I attended the “Lucky Litchi” Geekdinner last month. I enjoyed catching up with people again and the food was good (although some of us felt that it was a bit too little). Mike Stopforth gave a talk about Jack’s and Aces which I quite enjoyed. Basically, Aces are typical geeks. They focus intensely and specialise and usually get the job done. Jacks are people who start lots of things but don’t necessarily finish them. They are don’t specialise so much and are more jack-of-all-trades kind of people. He also explained how both kind of people are important to make our world work. I think I used to think of myself as an Ace more before that talk, but afterwards I think I’m more of a Jack, and I feel better about it too. Jonathan Endersby did a kareoke talk (a talk on a subject and slides that he’s never seen before) on “The Joys of Scrapbooking” that was brilliantly prepared by Kerry-Anne.


Ikamva Youth Does It Again

Ikamva Youth did a great job again in 2008 with their Matric students. They maintained a high pass rate and 68% of them will be able to study further at university. They also recently started working in Gauteng in Midrand.

KDE4 Release Party

AJ Venter arranged the KDE4 release party in Cape Town. It was quite small, but it was interesting hearing people talk more about KDE for a change. I also got a free copy of AJ’s poetry book “Batteries not included“. I’ll give KDE a proper try again when Jaunty is released.

Unix & Car Epochs

Yesterday we hit 1234567890 in Unix time (seconds since 1970). I guess we should start planning 2038 parties like it’s 9999999999. The day before yesterday, my car reached 155555 km’s on the clock. I took a picture of it on my phone. It feels like just yesterday when it hit 123456, but I couldn’t take a picture of it since there was too much traffic and I couldn’t slow down in time before it ticked over to 123457 :(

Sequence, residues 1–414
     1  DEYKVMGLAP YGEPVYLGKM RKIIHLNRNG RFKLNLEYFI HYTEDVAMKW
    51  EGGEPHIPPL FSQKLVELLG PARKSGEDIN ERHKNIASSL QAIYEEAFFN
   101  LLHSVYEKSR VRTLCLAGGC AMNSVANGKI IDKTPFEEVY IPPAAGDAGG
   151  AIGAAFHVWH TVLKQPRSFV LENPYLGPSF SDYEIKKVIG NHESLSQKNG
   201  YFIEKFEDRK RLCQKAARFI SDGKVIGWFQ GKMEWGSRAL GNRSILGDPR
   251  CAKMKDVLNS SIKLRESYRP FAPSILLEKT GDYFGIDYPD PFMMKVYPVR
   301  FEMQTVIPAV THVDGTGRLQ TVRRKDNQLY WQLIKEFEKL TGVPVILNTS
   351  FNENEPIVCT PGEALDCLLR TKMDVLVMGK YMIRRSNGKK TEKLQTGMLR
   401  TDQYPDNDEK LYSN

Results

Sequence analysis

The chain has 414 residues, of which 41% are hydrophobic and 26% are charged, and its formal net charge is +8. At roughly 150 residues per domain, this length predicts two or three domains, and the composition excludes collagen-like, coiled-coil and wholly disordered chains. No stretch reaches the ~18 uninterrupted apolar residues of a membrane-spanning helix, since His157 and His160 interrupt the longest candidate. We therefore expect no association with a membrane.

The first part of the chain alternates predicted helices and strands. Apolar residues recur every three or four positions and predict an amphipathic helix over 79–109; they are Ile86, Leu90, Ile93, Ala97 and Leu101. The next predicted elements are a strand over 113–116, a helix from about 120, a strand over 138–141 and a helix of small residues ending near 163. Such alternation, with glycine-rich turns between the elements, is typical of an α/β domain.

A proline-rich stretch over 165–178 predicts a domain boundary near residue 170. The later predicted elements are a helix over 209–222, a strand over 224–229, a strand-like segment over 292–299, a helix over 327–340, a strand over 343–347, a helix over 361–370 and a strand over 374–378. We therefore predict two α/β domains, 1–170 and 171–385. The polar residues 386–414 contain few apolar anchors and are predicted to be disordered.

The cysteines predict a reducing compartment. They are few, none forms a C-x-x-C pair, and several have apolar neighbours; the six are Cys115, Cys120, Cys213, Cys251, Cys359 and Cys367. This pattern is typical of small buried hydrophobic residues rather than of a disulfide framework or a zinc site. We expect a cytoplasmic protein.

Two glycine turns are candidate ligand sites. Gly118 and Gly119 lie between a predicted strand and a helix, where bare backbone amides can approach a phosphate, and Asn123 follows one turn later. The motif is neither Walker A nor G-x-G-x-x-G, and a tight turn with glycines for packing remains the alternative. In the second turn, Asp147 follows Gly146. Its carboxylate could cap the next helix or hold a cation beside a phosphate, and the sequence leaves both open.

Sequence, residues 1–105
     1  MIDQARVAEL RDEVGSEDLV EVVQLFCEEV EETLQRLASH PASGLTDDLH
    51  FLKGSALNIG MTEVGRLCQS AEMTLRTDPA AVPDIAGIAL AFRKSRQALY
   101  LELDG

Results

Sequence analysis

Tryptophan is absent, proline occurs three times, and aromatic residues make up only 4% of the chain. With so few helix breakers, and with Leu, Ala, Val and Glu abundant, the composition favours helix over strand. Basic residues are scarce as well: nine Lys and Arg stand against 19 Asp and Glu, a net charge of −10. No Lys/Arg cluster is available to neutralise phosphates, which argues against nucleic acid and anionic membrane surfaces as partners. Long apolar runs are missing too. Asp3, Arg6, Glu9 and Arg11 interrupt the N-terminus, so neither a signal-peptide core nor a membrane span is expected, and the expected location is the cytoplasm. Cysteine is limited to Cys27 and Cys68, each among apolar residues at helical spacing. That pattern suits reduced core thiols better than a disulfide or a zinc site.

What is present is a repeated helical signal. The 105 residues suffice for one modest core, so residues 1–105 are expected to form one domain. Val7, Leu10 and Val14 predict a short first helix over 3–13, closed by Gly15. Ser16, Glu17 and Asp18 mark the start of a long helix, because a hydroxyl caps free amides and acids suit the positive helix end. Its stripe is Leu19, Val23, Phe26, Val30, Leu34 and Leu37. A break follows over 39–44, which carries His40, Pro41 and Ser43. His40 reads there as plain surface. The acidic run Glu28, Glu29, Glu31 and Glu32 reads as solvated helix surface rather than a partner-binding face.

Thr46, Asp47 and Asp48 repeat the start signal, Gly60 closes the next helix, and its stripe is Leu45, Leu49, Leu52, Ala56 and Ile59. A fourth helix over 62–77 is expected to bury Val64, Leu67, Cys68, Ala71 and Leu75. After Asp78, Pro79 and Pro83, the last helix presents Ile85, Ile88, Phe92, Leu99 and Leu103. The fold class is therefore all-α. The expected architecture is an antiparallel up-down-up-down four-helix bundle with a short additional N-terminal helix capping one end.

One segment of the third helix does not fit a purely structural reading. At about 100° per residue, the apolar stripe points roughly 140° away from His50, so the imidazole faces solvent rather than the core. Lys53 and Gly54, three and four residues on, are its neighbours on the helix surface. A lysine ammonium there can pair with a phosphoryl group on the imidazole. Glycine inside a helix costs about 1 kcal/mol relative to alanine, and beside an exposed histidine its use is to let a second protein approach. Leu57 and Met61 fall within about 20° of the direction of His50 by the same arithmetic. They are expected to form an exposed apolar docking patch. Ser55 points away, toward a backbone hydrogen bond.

Debian Lenny Released

Debian 5.0 (Lenny) is released. I bet R50 against Morgan that Lenny would be released before the end of 2008. Unfortunately I lost that one. I’m glad that it’s finally released though.


Bill Gates Coolness

I was pleasantly surprised when I saw the reports of Bill Gates releasing the mosquitos during a TED talk. I didn’t know he had it in him. I wonder if he came up with the idea himself, or if it was just his PR department being clever. Either way, I think it was a brilliant awareness stunt for his new maliria campaign.

Unisa Information Overload

I received study material for 2 of my subjects. It’s a lot to work through. The documentation that I glanced over so far says that I’ll need 8 hours a week per subject *gasp*. I hope to make more time available for that later, although I still need to check when my first assignments is due and make sure that I’ll be able to cope with that. I’ll give a proper update on this once I’m more or less on track on this!

Zanix Doing Well

Last year in November I went to work full-time for Zanix Software Systems, a company that I have founded. I was a bit uncertain about doing it at the time, since the world economic status wasn’t looking quite good (not that it’s looking that much better now), but I’m very happy to report that it’s doing quite ok. I haven’t achieved everything I wanted to at this point yet, but Rome also wasn’t built in a day. I’ve been getting more help in to assist on our projects. 2008 wasn’t a wonderful year for me personally financially speaking, but I’ve already recovered my losses for 2008 so far in the first month and a half of 2009. I’m very grateful that I’m able to do what I’m doing and if things continue this way then 2009 will be my best financial year yet. I hope that it spreads into other parts of my life too :)

Me++ (My Birthday)